Keeping the Tradition

Danny Hernandez— 

Associate Producer

The L.V. Risinger Memorial bonfire began in the 1920s and has been a part of Tarleton State University homecoming tradition ever since. For years, the Plowboys have been responsible for constructing and protecting this Tarleton tradition.  

But, with the Plowboys’ absence this year, many students were left wondering if the bonfire would be gone along with the spirit organization. 

Student Involvement, Spirit and Traditions and SGA (Student Government Association) stepped in to fill the shoes of the Plowboys by building the bonfire. In the beginning of September, Student Involvement released a sign-up link to the Tarleton student body, allowing students to volunteer to aid in the construction of the bonfire. 

Volunteers that help build the bonfire go through risk management training as a requirement. Photo by Rebecca Hernandez

Approximately 340 students have volunteered their time to help build the bonfire. Residential Coordinator and Spirts and Traditions member, Paul Caldwell, talked about the process volunteers had to undergo. 

“We required our volunteers to attend one risk management course that discussed safety and hazards on site. We also talked about how the bonfire will be built and who would work on what level of construction.”  

The construction of the bonfire will be entirely by hand.  

“We’re going to follow the same strategy and design used in the past. An 18-wheeler will bring a trailer full of pallets every day, [and] we’ll have a forklift driver unloading pallets. Other than that, the whole bonfire will be built by hand. No power tools will be used,” Caldwell said. 

The bonfire will sit at 75 feet tall and 50 feet wide, and volunteers will be broken up into four levels of labor. The first level is called the “hospitality level.” Students in that level would hand pallets to volunteers on levels 2-4 who would place pallets in place. Hard hats and gloves will be provided for volunteers working in levels 2-4. The work site will be on the Tarleton Farm located off U.S. Highway 281.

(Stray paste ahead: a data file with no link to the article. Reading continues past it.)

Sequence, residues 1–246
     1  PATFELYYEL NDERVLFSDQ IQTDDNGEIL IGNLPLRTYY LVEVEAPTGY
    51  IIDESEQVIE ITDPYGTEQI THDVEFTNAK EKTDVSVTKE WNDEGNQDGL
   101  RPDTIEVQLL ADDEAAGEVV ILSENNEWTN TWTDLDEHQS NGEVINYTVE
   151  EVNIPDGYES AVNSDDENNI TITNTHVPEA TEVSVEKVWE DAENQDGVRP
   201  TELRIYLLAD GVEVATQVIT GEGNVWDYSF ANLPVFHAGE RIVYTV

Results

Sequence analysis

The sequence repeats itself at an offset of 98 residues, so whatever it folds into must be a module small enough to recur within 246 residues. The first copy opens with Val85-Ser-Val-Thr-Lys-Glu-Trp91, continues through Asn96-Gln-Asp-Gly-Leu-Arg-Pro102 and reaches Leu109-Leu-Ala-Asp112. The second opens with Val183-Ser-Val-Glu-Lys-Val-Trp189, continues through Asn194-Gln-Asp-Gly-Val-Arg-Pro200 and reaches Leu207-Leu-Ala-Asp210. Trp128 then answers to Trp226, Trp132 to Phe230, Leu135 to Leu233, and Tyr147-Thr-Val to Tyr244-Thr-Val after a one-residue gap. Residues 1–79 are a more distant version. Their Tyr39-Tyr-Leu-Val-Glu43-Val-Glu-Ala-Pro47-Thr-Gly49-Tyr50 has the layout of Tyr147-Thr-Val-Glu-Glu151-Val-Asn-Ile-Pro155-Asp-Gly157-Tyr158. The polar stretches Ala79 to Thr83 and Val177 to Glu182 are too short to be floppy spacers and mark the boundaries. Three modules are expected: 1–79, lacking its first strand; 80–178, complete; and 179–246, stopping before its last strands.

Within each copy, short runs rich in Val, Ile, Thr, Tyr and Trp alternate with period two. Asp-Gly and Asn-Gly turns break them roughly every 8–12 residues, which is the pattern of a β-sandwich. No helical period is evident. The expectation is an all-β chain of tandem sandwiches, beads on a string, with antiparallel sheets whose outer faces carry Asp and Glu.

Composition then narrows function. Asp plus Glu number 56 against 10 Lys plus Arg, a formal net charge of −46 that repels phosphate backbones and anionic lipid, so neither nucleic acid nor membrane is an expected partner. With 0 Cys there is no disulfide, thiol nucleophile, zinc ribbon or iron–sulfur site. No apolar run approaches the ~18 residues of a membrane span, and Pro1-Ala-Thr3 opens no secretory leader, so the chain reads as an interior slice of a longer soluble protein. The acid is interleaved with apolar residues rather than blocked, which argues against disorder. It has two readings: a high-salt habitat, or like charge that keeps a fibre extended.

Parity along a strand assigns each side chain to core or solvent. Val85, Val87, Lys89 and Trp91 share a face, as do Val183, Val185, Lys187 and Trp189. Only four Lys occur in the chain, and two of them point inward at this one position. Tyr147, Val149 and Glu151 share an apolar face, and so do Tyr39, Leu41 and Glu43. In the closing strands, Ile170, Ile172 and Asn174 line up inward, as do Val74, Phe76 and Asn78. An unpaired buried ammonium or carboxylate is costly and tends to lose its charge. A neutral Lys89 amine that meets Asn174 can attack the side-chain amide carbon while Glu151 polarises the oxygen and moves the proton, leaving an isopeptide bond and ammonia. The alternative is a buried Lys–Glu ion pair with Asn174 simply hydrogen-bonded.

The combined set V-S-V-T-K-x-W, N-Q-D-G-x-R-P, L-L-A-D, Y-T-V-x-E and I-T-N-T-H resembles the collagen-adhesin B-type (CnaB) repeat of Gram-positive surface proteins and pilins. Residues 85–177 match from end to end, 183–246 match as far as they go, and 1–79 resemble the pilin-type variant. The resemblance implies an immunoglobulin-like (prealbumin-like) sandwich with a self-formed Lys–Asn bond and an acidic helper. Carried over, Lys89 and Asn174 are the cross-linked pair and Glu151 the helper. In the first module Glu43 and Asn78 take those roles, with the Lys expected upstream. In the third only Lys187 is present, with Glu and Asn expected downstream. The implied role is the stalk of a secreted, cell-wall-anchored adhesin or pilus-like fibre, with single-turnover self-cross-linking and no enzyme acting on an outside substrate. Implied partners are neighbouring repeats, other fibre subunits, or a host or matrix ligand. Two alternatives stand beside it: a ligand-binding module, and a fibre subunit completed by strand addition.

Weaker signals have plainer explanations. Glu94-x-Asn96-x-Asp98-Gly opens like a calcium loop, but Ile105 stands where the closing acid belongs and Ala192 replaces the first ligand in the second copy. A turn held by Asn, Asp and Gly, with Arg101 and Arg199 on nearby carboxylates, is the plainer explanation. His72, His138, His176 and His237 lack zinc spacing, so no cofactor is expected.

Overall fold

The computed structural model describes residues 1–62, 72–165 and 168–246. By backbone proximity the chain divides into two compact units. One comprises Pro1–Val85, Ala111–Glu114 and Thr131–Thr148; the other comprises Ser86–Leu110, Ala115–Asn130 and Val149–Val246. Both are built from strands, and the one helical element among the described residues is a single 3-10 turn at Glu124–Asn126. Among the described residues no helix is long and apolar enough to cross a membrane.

Caldwell says Student Involvement will not be taking any late volunteers admissions or random volunteers showing up to the site, but there is still a way to help those student volunteers by bringing food and water.  

Construction of the bonfire started on Sept. 25, and will take a little less than a month.  

Caldwell says, “Our goal is to finish that (construction of the bonfire) Tuesday, October 23 before the (lighting of) the bonfire (on Friday). That would give SGA a couple days to set up the wiring, staging, and presentation aspects of the bonfire.” 

For more information on what food to bring, as well as drop off information, contact Paul Caldwell at caldwell@tarleton.edu or call the office of Student Involvement at (254)-968-9490. 


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1 Response

  1. Anonymous says:

    SO…why tell us about the first level of labor if not you aren’t going to tell us about the rest of them? I’m confused. Lol

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